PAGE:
As a second language learner, any attempts to improve my pronunciation have fallen (almost literally) on deaf ears. I remember being told by a well-intentioned Spanish teacher: “Your problem is that you use the English ‘t’ sound instead of the Spanish one”. To which I replied, “No, the ‘t’ sound is the very least of my problems! My problem is that I don’t know the endings of the verbs, that I don’t have an extensive vocabulary, that I can’t produce more than two words at a time. … and so on”. That is to say, in the greater scheme of things, the phonetic rendering of a single consonant sound was not going to help me become a proficient speaker of Spanish. Nor was it something I would be able to focus any attention on, when my attention was so totally absorbed with simply getting the right words out in the right order. And nor, at the end of the day, would I ever be able to rid myself of my wretched English accent, however hard I tried (assuming, of course, I wanted to).

Hence, I’m fairly sceptical about the value of teaching pronunciation, and I suspect that most of the exercises and activities that belong to the canonical pron-teaching repertoire probably have only incidental learning benefits.  A minimal pairs exercise (of the ship vs sheep type) might teach some useful vocabulary; a jazz chant might reinforce a frequently used chunk. But neither is likely to improve a learner’s pronunciation. Certain learners (a small minority, I suspect) with good ears and a real motivation to “sound like a native speaker” might just squeeze some benefit out of a pron lesson, but for the majority it will probably just wash right over them.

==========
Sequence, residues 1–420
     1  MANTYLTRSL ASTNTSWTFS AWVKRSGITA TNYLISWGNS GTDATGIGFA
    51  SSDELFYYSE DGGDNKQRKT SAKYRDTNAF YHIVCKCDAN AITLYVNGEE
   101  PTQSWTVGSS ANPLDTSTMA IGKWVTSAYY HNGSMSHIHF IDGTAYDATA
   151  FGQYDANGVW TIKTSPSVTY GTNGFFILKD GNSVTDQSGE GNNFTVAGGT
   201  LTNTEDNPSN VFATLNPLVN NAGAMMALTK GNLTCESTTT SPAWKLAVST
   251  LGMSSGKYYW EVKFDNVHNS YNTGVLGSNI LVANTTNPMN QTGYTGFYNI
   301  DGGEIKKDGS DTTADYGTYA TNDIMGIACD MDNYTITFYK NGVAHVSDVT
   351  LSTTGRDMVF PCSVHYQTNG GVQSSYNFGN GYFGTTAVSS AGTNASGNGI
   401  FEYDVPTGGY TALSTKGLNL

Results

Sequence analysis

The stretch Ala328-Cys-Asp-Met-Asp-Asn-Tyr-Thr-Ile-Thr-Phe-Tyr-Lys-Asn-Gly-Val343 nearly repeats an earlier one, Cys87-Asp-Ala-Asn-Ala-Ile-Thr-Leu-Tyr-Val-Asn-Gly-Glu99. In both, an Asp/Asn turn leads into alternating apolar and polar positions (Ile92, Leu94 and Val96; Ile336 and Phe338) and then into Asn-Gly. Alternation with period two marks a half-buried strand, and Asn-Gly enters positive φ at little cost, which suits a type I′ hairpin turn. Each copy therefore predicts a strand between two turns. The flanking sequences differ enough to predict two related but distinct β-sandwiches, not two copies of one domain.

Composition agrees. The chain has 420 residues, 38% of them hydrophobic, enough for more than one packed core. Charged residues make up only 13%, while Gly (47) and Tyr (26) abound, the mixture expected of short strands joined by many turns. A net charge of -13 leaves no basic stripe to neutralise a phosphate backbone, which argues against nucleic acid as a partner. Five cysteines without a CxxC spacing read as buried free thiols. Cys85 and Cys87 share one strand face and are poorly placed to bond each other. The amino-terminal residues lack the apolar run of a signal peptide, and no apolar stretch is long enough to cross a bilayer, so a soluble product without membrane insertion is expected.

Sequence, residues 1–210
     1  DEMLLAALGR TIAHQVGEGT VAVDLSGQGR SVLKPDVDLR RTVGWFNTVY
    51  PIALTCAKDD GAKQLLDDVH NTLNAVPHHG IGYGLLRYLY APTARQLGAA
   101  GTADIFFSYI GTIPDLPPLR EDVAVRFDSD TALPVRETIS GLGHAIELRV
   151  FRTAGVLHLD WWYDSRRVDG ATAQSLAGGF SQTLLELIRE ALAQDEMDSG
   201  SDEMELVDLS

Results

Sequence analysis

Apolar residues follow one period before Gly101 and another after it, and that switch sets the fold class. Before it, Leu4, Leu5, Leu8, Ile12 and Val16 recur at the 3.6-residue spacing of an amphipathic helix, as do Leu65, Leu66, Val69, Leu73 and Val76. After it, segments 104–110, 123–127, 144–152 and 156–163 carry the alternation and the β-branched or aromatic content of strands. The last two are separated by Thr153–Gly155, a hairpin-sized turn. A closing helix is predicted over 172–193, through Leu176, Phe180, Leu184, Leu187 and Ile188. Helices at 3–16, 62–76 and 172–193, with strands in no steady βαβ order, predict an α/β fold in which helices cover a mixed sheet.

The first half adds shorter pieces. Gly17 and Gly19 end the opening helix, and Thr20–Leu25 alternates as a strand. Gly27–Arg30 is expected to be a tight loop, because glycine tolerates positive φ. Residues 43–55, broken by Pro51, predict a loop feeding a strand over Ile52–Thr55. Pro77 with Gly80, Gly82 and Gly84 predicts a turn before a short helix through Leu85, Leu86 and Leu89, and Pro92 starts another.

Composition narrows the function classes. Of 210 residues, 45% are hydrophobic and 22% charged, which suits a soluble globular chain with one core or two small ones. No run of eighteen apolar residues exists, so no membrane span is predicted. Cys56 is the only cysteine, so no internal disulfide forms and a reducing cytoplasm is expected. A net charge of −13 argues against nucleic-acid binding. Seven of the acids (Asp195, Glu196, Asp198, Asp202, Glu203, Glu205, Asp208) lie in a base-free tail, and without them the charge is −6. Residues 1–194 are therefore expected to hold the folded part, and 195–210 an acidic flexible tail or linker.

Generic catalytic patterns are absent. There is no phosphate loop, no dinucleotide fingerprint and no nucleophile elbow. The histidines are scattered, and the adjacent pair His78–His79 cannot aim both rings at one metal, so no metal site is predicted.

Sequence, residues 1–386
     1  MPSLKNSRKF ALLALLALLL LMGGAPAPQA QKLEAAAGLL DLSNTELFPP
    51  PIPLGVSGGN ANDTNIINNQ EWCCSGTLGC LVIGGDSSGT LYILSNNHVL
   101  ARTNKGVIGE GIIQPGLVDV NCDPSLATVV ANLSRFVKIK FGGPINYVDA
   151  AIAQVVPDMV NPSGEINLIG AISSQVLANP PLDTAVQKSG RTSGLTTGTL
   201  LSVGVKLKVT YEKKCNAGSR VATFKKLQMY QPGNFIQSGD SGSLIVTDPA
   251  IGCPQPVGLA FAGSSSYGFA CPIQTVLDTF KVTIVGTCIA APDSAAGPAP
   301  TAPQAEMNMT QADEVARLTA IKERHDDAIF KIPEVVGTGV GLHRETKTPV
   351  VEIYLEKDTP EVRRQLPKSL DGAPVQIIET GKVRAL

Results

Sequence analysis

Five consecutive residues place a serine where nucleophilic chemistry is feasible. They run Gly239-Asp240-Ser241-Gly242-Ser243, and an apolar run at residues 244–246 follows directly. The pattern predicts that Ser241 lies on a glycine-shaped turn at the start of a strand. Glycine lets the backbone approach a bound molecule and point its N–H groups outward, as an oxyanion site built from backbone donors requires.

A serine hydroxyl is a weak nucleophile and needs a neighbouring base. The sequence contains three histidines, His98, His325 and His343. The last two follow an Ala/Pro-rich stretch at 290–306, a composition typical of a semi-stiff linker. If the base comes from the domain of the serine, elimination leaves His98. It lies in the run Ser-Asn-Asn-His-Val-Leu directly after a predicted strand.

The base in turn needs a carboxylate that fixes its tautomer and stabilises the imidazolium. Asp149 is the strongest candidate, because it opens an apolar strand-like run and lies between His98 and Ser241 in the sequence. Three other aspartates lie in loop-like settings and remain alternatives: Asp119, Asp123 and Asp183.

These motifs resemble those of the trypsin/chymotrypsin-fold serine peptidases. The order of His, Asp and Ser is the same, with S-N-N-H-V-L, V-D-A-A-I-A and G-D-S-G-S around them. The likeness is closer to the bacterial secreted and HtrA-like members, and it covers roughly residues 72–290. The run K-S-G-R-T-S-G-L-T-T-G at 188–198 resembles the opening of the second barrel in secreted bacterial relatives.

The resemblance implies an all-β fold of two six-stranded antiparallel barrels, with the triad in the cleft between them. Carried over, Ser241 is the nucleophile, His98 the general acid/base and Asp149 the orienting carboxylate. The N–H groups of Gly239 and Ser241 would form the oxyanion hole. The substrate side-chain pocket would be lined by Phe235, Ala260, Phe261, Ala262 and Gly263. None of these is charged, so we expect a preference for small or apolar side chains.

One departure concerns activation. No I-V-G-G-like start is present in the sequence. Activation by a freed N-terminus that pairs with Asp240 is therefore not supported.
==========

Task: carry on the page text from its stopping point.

In An A-Z of ELT, I hint obliquely at these doubts – doubts which I claim are justified by research studies. What studies?

Well, here’s one for starters. In an early attempt to tease out the factors that predicted good pronunciation, Suter (1976) co-opted a panel of non-specialist informants to assess the pronunciation of 61 English learners from a range of language backgrounds and with different histories of exposure and instruction. Twelve biographical factors were found to correlate with good pronunciation, and, in a subsequent re-analysis of the data (Purcell and Suter 1980), these were reduced to just four. These four predictors of acceptable pronunciation were (in degree of importance):

  • the learner’s first language (i.e., all things being equal, a speaker of, say, Swedish is more likely to pronounce English better than a speaker of, say, Vietnamese)
  • aptitude for oral mimcry (i.e. ‘having a good ear’)
  • length of residency in an English-speaking environment
  • strength of  concern for pronunciation accuracy

Significantly, none of the above factors is really within the teacher’s control (although the last – the motivtaional one – could arguably be nurtured by the teacher). Nevertheless, the learners’ histories of instruction seemed not to have impacted in any significant way on the accuracy of their pronunciation. The researchers commented: “One of the most obvious [implications of the study] relates to the fact that teachers and classrooms seem to have had remarkably little to do with how well our students pronounced English”.

Now, is this bad news (we can’t do much to help our learners achieve acceptable standards of pronunciation)? Or is it good news (we don’t have to teach pronunciation, and can spend the time saved on more important stuff)?

References:

Purcell, E.T., and Suter, R.W. 1980. Predictors of Pronunciation Accuracy: a Re-examination. Language Learning, 30, 271-287.

Suter, R.W. 1976. Predictors of Pronunciation Accuracy in Second Language Learning. Language Learning, 26: 233-253.